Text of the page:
Dianne Feinstein is pushing back on a report that her memory is fading and she may be mentally unfit to continue serving in the US Senate—concerns voiced even by fellow Democrats. On Thursday, the San Francisco Chronicle published those concerns from ex-staffers, four senators (three of them Democrats), and a Democratic member of Congress, with that latter lawmaker and fellow Californian noting they'd had a "jarring" recent interaction with the once "in command" Feinstein, now 88. "She was an intellectual and political force not that long ago," the lawmaker said. But in their recent encounter: "There was just no trace of that." Others told similar stories of sporadic memory lapses that seem to be affecting her job duties, leaving staff to pick up the slack.
There was some mention of Feinstein not even recognizing longtime colleagues on particularly bad days. "It's bad, and it's getting worse," one Democratic senator told the Chronicle. All those interviewed spoke anonymously, not wanting to sully their relationship with Feinstein, whom they respect. Feinstein, whose husband died in February, declined to be interviewed for that article, though she did give a statement to the paper insisting that "there's no question I'm still serving and delivering for the people of California." Other lawmakers claimed they still see her carrying out her job as needed, with some pointing out there are plenty of elderly male members of Congress who aren't being put under the microscope like she is.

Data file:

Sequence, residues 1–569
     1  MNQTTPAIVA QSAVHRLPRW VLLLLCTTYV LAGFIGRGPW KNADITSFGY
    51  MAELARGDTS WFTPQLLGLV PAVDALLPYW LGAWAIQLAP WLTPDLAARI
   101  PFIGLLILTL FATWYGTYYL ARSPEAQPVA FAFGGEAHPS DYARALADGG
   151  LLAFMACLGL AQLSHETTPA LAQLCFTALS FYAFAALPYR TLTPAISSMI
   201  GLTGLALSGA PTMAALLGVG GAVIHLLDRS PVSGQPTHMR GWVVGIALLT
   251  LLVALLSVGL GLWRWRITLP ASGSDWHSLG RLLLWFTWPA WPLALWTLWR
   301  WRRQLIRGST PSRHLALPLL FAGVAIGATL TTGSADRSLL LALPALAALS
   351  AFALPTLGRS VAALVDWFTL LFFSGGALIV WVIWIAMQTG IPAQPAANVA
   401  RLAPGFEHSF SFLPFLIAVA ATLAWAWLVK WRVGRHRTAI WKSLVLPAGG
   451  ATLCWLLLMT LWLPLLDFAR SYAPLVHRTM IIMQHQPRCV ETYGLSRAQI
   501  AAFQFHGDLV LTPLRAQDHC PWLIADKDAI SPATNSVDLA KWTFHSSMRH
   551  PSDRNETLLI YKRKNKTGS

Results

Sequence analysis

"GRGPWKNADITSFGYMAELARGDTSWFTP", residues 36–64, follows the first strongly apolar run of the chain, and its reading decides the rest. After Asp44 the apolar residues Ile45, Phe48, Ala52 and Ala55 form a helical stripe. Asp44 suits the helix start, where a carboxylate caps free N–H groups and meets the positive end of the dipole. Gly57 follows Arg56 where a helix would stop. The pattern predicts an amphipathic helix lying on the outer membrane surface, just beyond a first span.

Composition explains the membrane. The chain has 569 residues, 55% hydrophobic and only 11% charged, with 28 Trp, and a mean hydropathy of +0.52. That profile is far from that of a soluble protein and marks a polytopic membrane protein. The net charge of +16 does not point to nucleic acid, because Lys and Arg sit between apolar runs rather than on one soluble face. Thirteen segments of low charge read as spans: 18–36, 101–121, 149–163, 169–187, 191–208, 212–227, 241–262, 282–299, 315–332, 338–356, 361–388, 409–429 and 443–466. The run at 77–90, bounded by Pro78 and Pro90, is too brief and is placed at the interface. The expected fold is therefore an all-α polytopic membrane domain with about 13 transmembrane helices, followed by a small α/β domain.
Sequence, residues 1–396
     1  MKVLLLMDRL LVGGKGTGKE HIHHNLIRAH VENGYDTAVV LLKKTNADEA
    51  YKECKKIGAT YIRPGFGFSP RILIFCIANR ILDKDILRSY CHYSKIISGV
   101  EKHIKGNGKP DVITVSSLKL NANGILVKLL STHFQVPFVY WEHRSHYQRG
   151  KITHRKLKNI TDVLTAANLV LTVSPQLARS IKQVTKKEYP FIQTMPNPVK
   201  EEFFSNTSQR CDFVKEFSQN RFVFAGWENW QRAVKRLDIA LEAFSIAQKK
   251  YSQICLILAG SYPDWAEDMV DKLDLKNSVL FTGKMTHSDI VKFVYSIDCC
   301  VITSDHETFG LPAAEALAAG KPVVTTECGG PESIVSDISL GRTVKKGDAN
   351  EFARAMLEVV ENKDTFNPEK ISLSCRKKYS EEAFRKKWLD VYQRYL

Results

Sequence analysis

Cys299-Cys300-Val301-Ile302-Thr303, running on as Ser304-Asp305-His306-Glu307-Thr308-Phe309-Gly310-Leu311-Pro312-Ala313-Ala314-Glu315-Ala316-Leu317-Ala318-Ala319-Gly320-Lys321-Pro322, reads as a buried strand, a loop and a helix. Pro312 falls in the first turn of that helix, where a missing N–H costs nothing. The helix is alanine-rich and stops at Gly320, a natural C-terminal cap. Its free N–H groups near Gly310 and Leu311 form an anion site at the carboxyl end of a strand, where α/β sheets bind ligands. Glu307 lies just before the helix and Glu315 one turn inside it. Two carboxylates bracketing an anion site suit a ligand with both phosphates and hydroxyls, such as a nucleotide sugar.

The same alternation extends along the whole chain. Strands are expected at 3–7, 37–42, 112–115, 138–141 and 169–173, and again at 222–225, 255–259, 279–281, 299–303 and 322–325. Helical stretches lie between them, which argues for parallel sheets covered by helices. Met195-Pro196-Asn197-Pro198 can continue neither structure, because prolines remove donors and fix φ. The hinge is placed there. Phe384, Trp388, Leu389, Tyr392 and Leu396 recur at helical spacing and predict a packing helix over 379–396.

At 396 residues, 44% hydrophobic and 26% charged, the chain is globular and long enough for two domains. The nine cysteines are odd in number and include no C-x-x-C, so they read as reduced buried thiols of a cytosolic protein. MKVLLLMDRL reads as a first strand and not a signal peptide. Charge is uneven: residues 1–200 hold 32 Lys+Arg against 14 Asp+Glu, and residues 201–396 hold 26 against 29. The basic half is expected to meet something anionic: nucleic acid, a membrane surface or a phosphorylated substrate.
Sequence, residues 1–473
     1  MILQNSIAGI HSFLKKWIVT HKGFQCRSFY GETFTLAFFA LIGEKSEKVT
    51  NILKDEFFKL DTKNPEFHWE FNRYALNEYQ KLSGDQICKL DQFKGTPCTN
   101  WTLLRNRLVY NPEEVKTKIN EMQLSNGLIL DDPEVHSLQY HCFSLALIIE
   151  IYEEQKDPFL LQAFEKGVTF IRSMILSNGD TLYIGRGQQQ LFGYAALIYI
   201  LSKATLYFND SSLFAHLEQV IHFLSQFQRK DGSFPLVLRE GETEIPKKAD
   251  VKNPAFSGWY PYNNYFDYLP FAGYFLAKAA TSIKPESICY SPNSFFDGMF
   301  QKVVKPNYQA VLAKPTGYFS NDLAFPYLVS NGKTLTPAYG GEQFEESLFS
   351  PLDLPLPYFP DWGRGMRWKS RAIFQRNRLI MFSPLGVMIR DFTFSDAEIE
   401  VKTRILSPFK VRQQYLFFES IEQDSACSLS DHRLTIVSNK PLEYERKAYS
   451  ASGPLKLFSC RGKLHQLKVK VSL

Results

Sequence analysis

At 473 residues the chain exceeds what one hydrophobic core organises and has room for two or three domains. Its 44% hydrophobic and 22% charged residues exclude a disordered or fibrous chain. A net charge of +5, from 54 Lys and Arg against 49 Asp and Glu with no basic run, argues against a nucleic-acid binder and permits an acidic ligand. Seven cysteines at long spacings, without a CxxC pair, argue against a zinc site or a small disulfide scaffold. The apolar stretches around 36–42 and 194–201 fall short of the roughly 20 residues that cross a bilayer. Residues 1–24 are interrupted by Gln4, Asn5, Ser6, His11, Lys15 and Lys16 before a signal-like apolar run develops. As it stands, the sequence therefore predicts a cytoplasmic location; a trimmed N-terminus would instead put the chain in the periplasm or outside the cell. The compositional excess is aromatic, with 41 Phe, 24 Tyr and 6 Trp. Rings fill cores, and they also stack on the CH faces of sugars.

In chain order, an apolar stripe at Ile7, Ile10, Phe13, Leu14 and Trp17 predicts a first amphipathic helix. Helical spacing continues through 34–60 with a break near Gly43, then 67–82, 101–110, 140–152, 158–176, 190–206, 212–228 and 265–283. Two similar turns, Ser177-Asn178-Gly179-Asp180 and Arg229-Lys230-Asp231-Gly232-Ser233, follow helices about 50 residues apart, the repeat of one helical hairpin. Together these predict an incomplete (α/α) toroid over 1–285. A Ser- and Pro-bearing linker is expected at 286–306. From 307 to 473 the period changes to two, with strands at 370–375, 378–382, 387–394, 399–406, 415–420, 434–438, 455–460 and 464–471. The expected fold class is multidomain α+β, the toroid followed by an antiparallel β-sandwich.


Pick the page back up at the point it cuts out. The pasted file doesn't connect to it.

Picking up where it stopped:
A senator can only be removed from office if they die, end their term, or resign, or if two-thirds of their peers vote them out. Feinstein's current term runs through the end of 2024. Some are worried because if Democrats keep control of the Senate after the midterms, Feinstein is in line to become president pro tempore—third in line to the presidency. In a call with the Chronicle's editorial board on Thursday, Feinstein said she's staying until her term ends, rejecting the allegations of a slipping memory and faltering job performance. She also says no one has confronted her directly on this. "I meet regularly with leaders," she said. "My attendance is good. I put in the hours. ... And so I'm rather puzzled by all of this." In a statement cited by NBC News, she added she'll continue to "fight for Californians" and would "put my record up against anyone's." Read the Chronicle's original story in full here. (Read more Dianne Feinstein stories.)